When companies get their pricing wrong – it’s far more likely that they’ve pitched it too low than too high.
That’s according to management consultants McKinsey anyway. Underpricing your product means your company doesn’t achieve the profits that it could potentially have generated. But pitch prices too high and you won’t make the sales.
It’s difficult to get pricing right, especially when venturing into new markets or selling a new product for the first time. Companies are often tempted to price low in order to grab market share, but once those prices are set it’s hard, if not impossible, to raise them later on.
How pricing works
When setting prices, companies often take historic prices as their guide, or they’ll base their pricing decision on the existing market.
For instance, if a seller is launching an updated version of their product and the updated version costs 10% more to build than older versions, many sellers would choose to charge 10% more than for their old product. Alternately, they may price their product slightly cheaper than a competitor’s similar item in order to gain market share.
What these approaches fail to consider is the value of the product to the customer. Products should be priced to reflect the value customers place on them, rather than by reference to what competitors charge for similar products.
To use an example, whilst a customer may be able to buy a pint of milk more cheaply in an out-of-town supermarket than in a local shop, many people are prepared to pay more for the convenience of making the purchase closer to home. In this instance, local shopkeepers don’t need to match their prices to supermarkets some distance away but instead consider the convenience of their sale to the customer in their pricing strategy.
In B2B especially, it’s valuable to consider process improvements as part of pricing decisions. When the first portable bar code readers were developed, the main supplier priced the devices with reference to the cost of static (non-portable) bar code readers.
The company assumed buyers would save a bit of time by using a portable device, so they added a small amount to the cost of a similar static device to reflect the labour-saving advantage. What they didn’t realise was that the product allowed customers to redesign their entire supply chain and make huge cost savings.
The seller significantly undervalued the value of the portable unit to the customer, and hence underpriced it massively, losing out on huge potential profits. This was a case of the seller misunderstanding the true value of the product to its target audience.
It’s usually easier to price a product that’s relatively similar to existing products, or just offers a small update to an item already on offer in the market. When products are more revolutionary, they are harder to price but there is more room for creativity when it comes to picking a price point.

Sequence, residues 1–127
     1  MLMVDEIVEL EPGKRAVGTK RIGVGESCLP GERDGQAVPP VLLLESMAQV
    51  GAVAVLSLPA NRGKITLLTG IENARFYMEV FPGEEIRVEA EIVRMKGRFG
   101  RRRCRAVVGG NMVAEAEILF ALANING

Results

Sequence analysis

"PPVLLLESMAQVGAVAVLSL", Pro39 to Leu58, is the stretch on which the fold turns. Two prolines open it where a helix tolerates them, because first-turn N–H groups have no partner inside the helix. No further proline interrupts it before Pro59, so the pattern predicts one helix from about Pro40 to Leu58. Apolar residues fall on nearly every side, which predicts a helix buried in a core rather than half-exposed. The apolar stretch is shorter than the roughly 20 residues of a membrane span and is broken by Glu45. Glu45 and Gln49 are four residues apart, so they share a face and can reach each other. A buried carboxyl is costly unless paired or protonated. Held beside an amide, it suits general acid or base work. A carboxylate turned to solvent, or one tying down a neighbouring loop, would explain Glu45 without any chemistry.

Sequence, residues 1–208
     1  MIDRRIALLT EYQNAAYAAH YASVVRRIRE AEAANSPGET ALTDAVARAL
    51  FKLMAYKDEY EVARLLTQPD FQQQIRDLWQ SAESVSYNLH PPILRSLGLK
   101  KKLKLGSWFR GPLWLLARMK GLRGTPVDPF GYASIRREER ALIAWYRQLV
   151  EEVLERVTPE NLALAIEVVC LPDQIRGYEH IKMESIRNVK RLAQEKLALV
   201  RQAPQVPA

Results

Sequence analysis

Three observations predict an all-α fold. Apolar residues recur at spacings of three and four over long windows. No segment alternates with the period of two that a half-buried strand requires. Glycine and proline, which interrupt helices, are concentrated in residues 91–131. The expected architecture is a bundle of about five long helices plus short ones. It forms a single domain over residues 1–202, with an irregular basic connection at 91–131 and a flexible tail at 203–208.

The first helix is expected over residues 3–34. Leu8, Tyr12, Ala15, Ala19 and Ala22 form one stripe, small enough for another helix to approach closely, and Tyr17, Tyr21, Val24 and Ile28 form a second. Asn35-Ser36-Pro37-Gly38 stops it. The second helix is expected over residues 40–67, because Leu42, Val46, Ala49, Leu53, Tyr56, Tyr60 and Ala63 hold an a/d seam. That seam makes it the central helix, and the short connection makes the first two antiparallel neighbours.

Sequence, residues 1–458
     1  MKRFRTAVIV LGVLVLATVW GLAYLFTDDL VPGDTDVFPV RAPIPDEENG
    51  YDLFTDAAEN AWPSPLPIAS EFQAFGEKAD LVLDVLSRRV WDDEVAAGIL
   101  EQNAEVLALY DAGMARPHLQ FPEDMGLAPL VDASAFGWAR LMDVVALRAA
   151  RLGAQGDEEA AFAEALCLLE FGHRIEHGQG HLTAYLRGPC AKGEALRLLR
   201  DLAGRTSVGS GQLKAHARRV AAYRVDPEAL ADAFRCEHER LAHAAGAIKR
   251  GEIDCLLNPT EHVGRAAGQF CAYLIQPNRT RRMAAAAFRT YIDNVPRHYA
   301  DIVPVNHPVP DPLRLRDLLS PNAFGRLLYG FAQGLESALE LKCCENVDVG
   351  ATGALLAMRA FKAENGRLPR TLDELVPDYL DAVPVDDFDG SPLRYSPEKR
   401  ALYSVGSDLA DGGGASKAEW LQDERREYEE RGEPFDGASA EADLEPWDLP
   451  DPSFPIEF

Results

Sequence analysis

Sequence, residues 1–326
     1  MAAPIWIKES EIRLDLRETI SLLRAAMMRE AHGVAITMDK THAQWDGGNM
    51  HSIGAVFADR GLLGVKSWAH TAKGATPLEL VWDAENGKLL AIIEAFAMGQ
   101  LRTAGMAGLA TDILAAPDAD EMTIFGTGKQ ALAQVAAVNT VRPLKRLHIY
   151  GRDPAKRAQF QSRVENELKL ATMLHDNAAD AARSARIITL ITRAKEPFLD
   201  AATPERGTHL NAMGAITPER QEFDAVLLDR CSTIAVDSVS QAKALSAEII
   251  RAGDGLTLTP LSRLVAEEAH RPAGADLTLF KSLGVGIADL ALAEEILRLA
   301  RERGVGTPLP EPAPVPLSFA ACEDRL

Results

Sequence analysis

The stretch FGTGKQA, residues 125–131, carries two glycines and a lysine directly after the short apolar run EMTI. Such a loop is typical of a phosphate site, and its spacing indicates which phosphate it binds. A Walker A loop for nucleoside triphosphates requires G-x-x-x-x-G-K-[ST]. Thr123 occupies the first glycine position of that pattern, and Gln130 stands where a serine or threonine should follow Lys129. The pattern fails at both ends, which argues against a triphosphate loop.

Profit loss caused by sub-optimal pricing can be considerable. One study suggested that if a vendor charged just 1% less than the product’s optimal price, up to 8% of profits could potentially be forfeited.
Whilst companies might hope that lower pricing might lead to higher sales volumes, in reality demand is not really that sensitive to pricing. For a typical company on the S&P 1500 index, it’s claimed that it would take a rise in sales of 18% to make up for a price cut of 5%.
It’s important to start thinking about the benefits to the customer and the associated pricing of a product early on in the product development process.
At IKEA, both the price and design of a new product are developed at the same time. Product designers working alongside the product development team and suppliers to understand how the manufacturing process can build a product that can achieve a certain target price. This approach means that the manufacturing process is geared towards the price of a product rather than the other way around, and the focus is very much on cost savings.
That’s a way of developing new products that really understands the role cost plays in the customer’s valuation of them. IKEA is also active in getting into customer homes to identify what needs people may have for certain products, which helps the company understand the value that products could potentially deliver to people.
What is the value of your product to your customer? That’s a tricky question to answer as some products might represent significant savings to your buyers.
Fairy Liquid boasted that a bottle of its washing up liquid could wash twice as many dishes as rival brands, a claim it later defended successfully against a legal challenge.
The brand is able to justify the higher price of its washing up liquid compared to competitor products based on this claim. Fairy’s customers clearly value a long-lasting product.
Other product benefits are harder to quantify, particularly ones that deliver process improvement for the customer or advantages to the buyer’s reputation. Product benefits are also subjective: different buyers will place different values on the benefits, possibly at different times.
Pricing for new markets
When entering a new market, it’s likely that you’ll find the local audience’s needs are not the same as in that of your home market audience. Finding buyers with different values could have a significant impact on your pricing strategy, so identifying these audiences should form a major part of your market research prior to entry.
If demand exists in the new market it’s likely a competitor may already be active there, in which case gaining market share will inform your approach to pricing.
Finally, you need to ensure you can serve all customers in the new market at the price you’ve decided to set. If you can’t fulfil all demand in the market then you leave space for a competitor; if you risk oversupply then you’ll end up having to discount. It’s important to consider your capacity when setting pricing.